Uranus, far from Earth in the darker region of the solar system’s planetary range, is not alone. It is accompanied by a sequence of moons – 27 to be exact. Long and faint, these moons are difficult to study, but astronomers have found an unintentional discovery while observing Uranus.
According to infrared images of the five main moons of Uranus, their composition is closer to dwarf planets like Pluto and Haumea – compact, rocky objects with an icy crust – than the more fluffy composition of the smaller Uranus moons.
Uranus orbits the sun at an average distance of about 20 times Earth. We have not sent so many spacecraft so far ̵
Apart from these Voyager 2 observations, our study of the planet and its satellites has relied on telescopes closer to home – on Earth and in Earth’s orbital proximity. This makes the moons very challenging to see; they are much smaller and reflect much less sunlight than Uranus, so they are overshadowed to the point of invisibility.
“The moons, which are between 500 and 7,400 times fainter, are so small from Uranus that they merge with the corresponding bright artifacts,” said astronomer Gábor Marton of the Konkoly Observatory in Hungary. “Only the brightest moons, Titania and Oberon, stand out slightly from the surrounding glare.”
Which makes an unintentional detection of the five moons of the European Space Agency’s Herschel Space Observatory, in operation between 2009 and 2013 to study the galaxy in infrared radiation, quite nice.
“In fact, we conducted observations to measure the influence of very bright infrared sources like Uranus on the camera detector,” said astronomer Ulrich Klaas of the Max Planck Institute for Astronomy in Germany.
“We only discovered the moon by chance as additional nodes in the planet’s extremely bright signal.”
Uranus’ five main moons are in descending order of Titania, Oberon, Umbriel, Ariel and Miranda. Voyager 2 revealed that all five have a rounded shape indicating that they have achieved hydrostatic equilibrium – that is, enough mass to develop a symmetrical, rounded shape under their own gravity. And they appear to be composed of rocks and ice.
This is not unusual for objects that are far from the sun. Even when heated by the sun, the temperature of Uranus and its moons is only as high as between 60 and 80 Kelvin (-213 to -193 degrees Celsius or -350 to -315 degrees Fahrenheit) on the surface. Pluto is very rocky and icy.
But how this stone and ice is composed matters. The eccentric orbits of Uranus’ smaller, irregular, asymmetrical moons suggest that they have a composition very reminiscent of the rock-filled bodies of the Kuiper Belt beyond Neptune, the trans-Neptunian objects. These are only loosely bound together and quite small.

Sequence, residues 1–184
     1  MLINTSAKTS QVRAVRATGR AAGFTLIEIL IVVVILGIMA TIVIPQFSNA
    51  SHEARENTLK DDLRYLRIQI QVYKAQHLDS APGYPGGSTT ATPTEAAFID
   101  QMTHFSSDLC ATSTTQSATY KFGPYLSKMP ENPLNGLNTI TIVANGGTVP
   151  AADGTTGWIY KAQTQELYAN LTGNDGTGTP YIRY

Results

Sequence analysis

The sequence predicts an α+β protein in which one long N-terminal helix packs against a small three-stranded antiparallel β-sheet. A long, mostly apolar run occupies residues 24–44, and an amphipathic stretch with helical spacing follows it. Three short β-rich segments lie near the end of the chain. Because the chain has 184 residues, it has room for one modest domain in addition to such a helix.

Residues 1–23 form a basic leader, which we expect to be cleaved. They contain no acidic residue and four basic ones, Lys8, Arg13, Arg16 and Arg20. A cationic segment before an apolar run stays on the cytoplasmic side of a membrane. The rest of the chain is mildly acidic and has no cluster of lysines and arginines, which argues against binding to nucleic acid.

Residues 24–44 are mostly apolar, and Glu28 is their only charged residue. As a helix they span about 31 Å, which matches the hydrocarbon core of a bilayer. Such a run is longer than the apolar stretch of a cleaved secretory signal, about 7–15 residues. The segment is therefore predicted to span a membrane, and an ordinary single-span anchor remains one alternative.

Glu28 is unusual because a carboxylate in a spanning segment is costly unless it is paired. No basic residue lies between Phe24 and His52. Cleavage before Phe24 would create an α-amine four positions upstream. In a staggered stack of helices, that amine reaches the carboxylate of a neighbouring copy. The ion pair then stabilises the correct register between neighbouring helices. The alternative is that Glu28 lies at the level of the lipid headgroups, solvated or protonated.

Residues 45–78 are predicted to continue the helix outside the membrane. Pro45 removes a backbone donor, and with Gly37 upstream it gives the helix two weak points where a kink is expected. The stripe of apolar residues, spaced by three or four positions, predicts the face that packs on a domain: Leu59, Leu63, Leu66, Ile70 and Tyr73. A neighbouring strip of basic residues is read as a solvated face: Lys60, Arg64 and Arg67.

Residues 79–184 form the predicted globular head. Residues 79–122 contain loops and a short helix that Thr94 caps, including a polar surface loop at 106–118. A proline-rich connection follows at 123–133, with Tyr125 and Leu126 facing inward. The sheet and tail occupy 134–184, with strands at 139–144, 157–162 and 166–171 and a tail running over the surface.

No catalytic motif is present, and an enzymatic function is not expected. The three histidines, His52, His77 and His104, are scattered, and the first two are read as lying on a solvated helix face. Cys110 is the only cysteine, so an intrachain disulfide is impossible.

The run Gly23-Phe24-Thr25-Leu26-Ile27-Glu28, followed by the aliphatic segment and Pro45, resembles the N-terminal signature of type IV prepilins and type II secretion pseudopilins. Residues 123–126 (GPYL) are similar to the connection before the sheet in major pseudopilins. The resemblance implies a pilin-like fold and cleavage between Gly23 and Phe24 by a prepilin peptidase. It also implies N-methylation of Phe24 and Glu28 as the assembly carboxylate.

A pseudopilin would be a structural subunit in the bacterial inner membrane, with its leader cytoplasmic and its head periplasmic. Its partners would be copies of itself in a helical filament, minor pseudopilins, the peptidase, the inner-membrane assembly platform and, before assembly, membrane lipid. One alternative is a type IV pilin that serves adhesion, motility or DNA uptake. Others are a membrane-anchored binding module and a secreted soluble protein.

“This would also fit with the speculation about the origin of the irregular moons,” said astrophysicist Thomas Müller of the Max Planck Institute for Extraterrestrial Physics in Germany. “Because of their chaotic orbits, it is believed that they were only captured by the uranium system at a later date.”
Normally, the five main moons orbiting Uranus’ equator would be difficult to see. Uranus has a strange orientation, tilted on its side relative to its orbital plane around the sun, so its equator is often in shadow.
During the team’s observations of Uranus between 2010 and 2012, however, the equator was overlooking the telescope and in the sunlight. And when the team pulled Uranus from the data using a specially developed algorithm, something amazing occurred.
“We were all surprised when four moons clearly appeared on the images, and we could even detect Miranda, the smallest and innermost of the five largest uranium moons,” said astronomer Örs H. Detre of the Max Planck Institute for Astronomy.
This allowed the team to measure how well the heat from the sun was retained in the lunar surfaces as the surface rotated away into the night. These surfaces, it turned out, retained heat quite well and cooled relatively slowly.
It was a well-known heat retention and cooling profile – the closest battle is dwarf planets like Pluto and Haumea with their dense rocky bodies and ice-encapsulated surfaces. This suggests that Titania, Oberon, Umbriel, Ariel and Miranda are built in the same way – although the exact chemical composition of the rock and ice on it has not yet been determined.
The discovery could mean that sending a probe to the ice fighters could help us learn more about more distant objects, even further out in the weak stretches of the Kuiper Belt. But it also shows the value of looking right under our nose.
“The results show that we do not always need extensive planetary space missions to gain new insights into the solar system,” said astronomer Hendrik Linz of the Max Planck Institute for Astronomy.
“In addition, the new algorithm could be used for further observations that have been collected in large numbers in the electronic data archive of the European Space Agency ESA. Who knows what surprise is still waiting for us there?”
The research is published in Astronomy and astrophysics.